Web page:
The Journal Supply Chain Efficiency Improvement Pilot:

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The Journal Supply Chain Efficiency Improvement Pilot:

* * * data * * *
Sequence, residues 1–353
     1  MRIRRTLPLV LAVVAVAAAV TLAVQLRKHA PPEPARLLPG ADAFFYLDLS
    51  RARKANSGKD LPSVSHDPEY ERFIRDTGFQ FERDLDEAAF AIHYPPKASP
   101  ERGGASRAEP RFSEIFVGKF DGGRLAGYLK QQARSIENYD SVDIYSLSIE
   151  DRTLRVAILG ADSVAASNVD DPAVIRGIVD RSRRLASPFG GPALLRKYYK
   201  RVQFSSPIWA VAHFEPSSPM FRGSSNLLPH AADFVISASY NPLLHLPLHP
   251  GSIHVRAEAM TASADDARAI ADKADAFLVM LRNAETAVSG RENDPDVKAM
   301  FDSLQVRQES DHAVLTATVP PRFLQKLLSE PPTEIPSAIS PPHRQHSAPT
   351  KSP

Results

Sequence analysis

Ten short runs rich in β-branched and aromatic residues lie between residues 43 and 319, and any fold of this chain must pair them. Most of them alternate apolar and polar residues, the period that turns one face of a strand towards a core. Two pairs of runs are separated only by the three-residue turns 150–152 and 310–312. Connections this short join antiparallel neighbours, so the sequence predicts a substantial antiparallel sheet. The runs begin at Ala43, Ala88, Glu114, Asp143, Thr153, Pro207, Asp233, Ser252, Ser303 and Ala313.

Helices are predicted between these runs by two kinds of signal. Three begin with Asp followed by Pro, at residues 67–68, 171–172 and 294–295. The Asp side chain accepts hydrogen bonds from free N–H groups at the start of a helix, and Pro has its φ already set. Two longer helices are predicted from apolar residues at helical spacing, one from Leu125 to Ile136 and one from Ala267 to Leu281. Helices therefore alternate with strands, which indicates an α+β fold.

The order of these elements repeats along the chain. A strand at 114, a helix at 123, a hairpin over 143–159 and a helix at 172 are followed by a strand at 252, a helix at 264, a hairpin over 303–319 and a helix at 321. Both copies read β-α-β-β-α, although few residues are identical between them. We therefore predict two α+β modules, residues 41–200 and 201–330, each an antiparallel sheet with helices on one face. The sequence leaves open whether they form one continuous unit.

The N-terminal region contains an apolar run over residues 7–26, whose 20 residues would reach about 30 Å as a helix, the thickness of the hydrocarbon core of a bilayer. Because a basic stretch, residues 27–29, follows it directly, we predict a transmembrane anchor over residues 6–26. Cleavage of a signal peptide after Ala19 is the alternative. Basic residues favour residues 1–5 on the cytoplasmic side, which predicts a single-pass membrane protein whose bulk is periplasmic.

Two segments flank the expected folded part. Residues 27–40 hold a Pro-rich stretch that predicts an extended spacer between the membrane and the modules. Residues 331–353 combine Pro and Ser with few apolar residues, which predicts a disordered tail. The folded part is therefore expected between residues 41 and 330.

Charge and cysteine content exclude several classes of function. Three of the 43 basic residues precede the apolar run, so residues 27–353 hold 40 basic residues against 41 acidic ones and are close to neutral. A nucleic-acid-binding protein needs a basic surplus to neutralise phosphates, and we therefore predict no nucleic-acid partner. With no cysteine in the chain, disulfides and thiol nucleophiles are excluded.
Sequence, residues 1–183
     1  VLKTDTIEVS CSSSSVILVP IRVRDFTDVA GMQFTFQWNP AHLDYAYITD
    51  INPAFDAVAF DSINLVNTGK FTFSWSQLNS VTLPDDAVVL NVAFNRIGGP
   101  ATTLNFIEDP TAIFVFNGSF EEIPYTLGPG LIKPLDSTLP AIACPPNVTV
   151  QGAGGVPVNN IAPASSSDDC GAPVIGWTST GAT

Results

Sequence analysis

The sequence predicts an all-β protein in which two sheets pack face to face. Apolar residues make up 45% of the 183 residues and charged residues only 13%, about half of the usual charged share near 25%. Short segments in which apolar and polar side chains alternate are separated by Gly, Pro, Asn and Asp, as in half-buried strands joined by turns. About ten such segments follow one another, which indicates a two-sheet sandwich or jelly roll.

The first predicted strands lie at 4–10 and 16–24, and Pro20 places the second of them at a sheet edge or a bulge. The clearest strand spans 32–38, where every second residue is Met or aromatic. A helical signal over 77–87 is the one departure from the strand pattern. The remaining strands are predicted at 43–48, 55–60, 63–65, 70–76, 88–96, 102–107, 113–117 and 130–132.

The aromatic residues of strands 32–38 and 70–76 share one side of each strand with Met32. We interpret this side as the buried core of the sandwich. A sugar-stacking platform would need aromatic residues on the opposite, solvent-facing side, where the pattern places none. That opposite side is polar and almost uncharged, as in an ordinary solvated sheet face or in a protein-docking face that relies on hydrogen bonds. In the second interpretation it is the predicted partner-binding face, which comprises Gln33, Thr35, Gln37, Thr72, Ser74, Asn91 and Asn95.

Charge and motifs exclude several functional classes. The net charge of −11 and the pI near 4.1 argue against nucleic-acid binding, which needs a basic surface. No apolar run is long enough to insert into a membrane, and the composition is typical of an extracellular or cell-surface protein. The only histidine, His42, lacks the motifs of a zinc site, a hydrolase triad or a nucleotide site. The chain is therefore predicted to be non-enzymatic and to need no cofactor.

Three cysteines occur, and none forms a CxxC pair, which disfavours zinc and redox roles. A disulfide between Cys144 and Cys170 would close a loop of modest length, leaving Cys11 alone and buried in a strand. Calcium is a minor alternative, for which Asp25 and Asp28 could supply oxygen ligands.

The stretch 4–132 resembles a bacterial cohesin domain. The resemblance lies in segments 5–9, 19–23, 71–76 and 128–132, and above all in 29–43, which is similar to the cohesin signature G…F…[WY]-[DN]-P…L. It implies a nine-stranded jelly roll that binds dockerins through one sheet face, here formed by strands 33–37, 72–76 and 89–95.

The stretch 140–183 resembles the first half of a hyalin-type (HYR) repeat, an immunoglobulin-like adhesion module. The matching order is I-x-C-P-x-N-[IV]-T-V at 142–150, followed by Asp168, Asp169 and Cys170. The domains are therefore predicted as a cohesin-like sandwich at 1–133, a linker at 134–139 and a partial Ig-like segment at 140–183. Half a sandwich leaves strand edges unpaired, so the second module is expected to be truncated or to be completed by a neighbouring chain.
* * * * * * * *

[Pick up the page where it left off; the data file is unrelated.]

1. 1. The Journal Supply Chain Efficiency Improvement Pilot: What’s Good, What’s Bad, What’s missing? Donald Chvatal -- President, Ringgold, Inc Don.chvatal@ringgold.com NASIG, June 1-2, 2007 Introduction and summary: The title of my presentation was developed some months ago from my expectation that by the time I came to Louisville, the Pilot Project described would be nearly over. The results would show much “good” to have been accomplished; no real “bad” results, and there would be nothing “missing”. One thing is sure, the Pilot is alive and well and will be extended through 2007 and probably well into 2008. The most important conclusion to date: there remains much that is “missing” primarily in the lack of direct participation by libraries and vendors of ERMS and ILS software. There’s little to say about what is “bad” simply because the connotation of what might be “bad” as the opposite of “good” is the same as what is missing: we need more participation by all parties in the journal supply chain to gain improved efficiency, particularly in delivery of eContent. One “excellent” result from the Pilot is that there is a growing appreciation for the need for improved institutional identification, particularly within the context of electronic delivery of information from publisher to end user. As electronic content availability during the past ten years became more pervasive for commercial STM publishers, there has been an emerging revenue shift from print to digital within libraries; likewise publisher delivery mechanisms changed everything, the effects of which have given us challenges not experienced previously. Defining the Journal Supply Chain: Let’s take a look at some of the dynamics now at work between parties in the supply chain, starting with a working definition of the goal of the supply chain: to effectively deliver information (content) from producer to end user. Defining the supply chain participants and characterizing their activity in broad terms, the components of the journal supply chain are the following: • Publishers, creating content in multiple formats • Publishers’ distributors, re-distributing the print and electronic content for publishers • Hosting platform services, organizations providing digital server platforms for content delivery to users, both institutional subscribers and individuals • Subscription agents, processing orders and servicing delivery contracts for content